Syphilis is a common bacterial infection that can have serious medical consequences if not detected and treated early. Read on to learn more about risk factors, complications, testing and treatment options.

Getting tested for syphilis can be a one- or two-step process, depending if the first test is negative or positive. The primary screening for syphilis is a Rapid Plasma Reagin (RPR) blood test. If this test is positive, another test is run after for the presence of Treponema pallidum, the bacteria that causes the infection. A positive test will confirm a syphilis diagnosis.1

If you are at risk for syphilis or have been exposed by unprotected sex with a positive partner, getting treatment best possible option for your health. Primary (first stage) syphilis may present with a single sore, so be aware and schedule a test as soon as possible to avoid more complications in the future.2

Syphilis Treatment

When a patient’s tests reveal a syphilis diagnosis, the most common treatment is a shot of penicillin. The duration of the treatment depends on the stage at which the disease is caught, be it primary, secondary or latent or late stage syphilis.

An inability to treat can lead to neurosyphilis (a Treponema pallidum infection of the nervous system). Contracting syphilis while pregnant can cause the fetus to die in utero or to be born with life-threatening complications due to congenital syphilis. Every woman planning to get pregnant or in her first trimester should get screened and treated if appropriate.2

Syphilis Overview

Syphilis is a common sexually transmitted disease currently seeing numbers on the rise, according the CDC. With just about 20,000 cases reported to the CDC in 2014, syphilis is reported less in the general population in relation to other STIs like chlamydia (1.4 million+) and gonorrhea (350,000)+3 but the complications of an undiagnosed or untreated case are often more severe. In the cases of late stage and latent syphilis, those infected can be carriers of the disease for decades without showing any symptoms, making it more difficult to get treatment.

The threat of neurosyphilis, or an invasion of the infection into the nervous system is a serious condition with symptoms including numbness, confusion, memory loss or other mental problems.2 Ocular syphilis is a new strain that is causing concern, as it can lead to vision problems or even permanent blindness. In late 2015 and early 2016, a medical release was sent out by the CDC warning against new cases of the syphilis complication.4 The symptoms and areas of infection within the reaches of the disease continues to change, so getting screened often is important for maintaining overall sexual health.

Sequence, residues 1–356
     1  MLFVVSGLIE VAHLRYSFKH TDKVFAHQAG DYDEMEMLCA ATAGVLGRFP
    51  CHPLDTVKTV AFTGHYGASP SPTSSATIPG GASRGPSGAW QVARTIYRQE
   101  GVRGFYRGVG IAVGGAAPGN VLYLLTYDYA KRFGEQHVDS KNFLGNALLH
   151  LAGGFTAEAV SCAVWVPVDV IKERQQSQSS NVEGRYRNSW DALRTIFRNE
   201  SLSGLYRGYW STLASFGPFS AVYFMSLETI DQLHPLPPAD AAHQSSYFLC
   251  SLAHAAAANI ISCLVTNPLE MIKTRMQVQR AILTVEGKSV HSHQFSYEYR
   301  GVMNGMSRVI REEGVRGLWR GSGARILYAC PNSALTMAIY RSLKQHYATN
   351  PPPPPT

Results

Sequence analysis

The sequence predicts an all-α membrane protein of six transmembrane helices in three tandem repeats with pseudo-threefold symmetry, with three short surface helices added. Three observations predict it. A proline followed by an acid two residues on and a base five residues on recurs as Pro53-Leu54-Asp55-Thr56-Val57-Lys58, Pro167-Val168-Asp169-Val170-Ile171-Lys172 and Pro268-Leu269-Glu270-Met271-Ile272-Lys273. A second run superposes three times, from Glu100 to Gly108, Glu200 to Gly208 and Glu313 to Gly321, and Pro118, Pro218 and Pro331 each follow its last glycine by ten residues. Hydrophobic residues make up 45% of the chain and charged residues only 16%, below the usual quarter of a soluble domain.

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Syphilis Symptoms

With latent and late stage (also known as tertiary) syphilis, symptoms can take years or even decades to present. If you are at risk, periodic or yearly screenings are recommended. Pregnant women with any risk factors should get screened for the infection as early as possible.

Primary Syphilis Symptoms

  • No symptoms
  • A single sore or ulcer, often painless, in the genital area
  • Swollen lymph nodes in the area local to the sore or ulcer

Secondary Syphilis
In most cases, there are few symptoms present indicating the primary stage of syphilis. The secondary stage signifies the increase of more bacteria in the body.

  • Skin rash covering extremities (hands, soles of feet)
  • Mucous patch sores around the genitals or mouth
  • Warts in the genital area
  • Swollen lymph nodes
  • Lethargy and loss of appetite
  • Changes in vision
  • Hair loss
  • Fever

Call a physician as soon as possible if you experience persistent high or low grade fever, intermittent bleeding or any other possible risk factors for syphilis or any emergent symptoms that you feel concerned about.

If you feel any acute intermittent or persistent pelvic pain, call 911 immediately or go the closest emergency room or urgent care facility. Call 911 if any symptoms worsen and are in danger of becoming life-threatening.

1 2015 Sexually Transmitted Diseases Treatment Guidelines – Syphilis
2 Syphilis – CDC Fact Sheet
3 2014 CDC STD Surveillance Report
4 Clinical Advisory: Ocular Syphilis in the United States